I am not sure any pronunciation would be totally unacceptable as long as they do not cause any misunderstanding. Of course, it would be nice to pronounce it correctly. I have heard the word pronounced as 'cashay', 'catchay' etc. in presentations and meetings, but they have been perfectly understood.


As reported from the copy of the NOAD I had on my Mac, in American English, both cache and cash are pronounced in the same way: /kæʃ/.

  • Can you present some evidence that either word uses this /kaʃ/ pronunciation in the UK? I just checked online dictionaries with British IP or British audio samples and find only /kæʃ/, even for British speakers. – hippietrail Nov 26 '19 at 10:48
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    At the time I have answered to questions, I reported what I found on the copies of NOAD and OED I had on my Mac. Nowadays, I am not using a Mac anymore, so I cannot check what those dictionaries say. – kiamlaluno Nov 26 '19 at 13:48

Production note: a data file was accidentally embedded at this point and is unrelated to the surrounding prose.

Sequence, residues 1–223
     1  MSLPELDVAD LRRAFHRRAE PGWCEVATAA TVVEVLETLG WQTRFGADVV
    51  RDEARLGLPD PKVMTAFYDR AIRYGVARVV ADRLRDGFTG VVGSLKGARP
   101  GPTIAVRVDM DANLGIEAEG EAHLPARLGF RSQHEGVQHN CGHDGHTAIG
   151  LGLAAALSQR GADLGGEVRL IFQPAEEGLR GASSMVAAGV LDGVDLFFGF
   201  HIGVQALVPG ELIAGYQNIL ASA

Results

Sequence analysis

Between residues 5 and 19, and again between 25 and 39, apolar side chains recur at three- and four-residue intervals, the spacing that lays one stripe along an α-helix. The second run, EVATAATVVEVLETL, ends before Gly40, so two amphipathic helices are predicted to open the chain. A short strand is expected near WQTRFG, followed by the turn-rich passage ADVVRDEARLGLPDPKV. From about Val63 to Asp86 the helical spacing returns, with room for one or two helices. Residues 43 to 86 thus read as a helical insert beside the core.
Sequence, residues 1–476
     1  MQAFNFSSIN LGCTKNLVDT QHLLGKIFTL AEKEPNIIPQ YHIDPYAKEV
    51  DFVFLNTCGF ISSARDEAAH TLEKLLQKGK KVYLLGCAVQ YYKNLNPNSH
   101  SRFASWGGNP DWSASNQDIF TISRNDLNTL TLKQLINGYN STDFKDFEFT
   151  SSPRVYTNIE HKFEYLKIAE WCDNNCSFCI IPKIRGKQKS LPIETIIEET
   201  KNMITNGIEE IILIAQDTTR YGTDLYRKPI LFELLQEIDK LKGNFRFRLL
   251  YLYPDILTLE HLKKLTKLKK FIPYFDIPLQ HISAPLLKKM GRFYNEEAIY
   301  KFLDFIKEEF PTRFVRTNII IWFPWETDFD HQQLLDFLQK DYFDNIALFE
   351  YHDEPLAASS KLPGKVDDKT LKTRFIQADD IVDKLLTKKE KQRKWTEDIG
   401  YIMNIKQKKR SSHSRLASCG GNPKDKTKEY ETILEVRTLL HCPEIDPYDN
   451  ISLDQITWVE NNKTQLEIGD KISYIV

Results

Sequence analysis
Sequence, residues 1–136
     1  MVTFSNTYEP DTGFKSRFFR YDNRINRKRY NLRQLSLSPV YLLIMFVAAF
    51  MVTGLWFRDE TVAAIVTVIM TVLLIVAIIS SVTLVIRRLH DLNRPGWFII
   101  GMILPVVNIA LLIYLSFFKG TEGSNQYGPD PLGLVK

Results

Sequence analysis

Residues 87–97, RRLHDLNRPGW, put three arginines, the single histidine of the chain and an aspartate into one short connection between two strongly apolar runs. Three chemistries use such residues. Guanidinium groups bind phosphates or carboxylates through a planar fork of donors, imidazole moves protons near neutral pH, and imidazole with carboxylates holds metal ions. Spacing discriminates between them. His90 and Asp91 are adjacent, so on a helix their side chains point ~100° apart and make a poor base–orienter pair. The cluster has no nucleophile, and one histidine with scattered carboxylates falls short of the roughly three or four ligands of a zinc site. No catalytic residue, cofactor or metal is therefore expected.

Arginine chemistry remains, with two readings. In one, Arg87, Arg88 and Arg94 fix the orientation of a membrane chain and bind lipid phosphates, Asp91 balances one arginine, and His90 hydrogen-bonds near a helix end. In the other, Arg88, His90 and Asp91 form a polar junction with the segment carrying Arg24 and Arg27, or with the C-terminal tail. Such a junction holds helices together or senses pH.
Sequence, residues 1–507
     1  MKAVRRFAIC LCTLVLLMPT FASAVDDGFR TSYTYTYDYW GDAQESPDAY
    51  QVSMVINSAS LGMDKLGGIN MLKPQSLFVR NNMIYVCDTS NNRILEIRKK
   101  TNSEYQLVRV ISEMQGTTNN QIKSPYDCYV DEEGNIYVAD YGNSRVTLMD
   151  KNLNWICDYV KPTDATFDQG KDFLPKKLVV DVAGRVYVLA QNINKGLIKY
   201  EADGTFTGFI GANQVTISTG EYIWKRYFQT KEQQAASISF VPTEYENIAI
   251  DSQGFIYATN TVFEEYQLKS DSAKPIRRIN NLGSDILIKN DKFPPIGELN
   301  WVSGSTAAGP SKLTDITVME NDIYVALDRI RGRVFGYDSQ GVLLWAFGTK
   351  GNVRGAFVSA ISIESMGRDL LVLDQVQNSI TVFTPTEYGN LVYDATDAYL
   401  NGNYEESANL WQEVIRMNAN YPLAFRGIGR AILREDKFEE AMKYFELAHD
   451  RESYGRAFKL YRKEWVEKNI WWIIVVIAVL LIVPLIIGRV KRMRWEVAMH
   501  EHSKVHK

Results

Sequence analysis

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    @hippietrail: /kaʃ/ is a notational variant of /kæʃ/ used by some sources in the transcription of British English (e.g. the OED uses /a/ instead of /æ/); both transcriptions describe exactly the same pronunciation: one with the vowel found in "trap" or "cat". See "IPA transcription systems for English", by John Wells. – herisson Nov 26 '19 at 13:52
  • @herisson: Really? I have an OED and an SOED at home, and had never noticed that before! If I read correctly that's a change to reflect changing RP specifically introduced in '95 into the Concise OED. My first Oxford dictionary was a concise, but a fair bit older. Interesting. – hippietrail Nov 26 '19 at 18:37

I think it comes from the french cacher (to hide) or is derived from en cachette (to do something secretly); both coming from quachier (13th century).

Source [fr]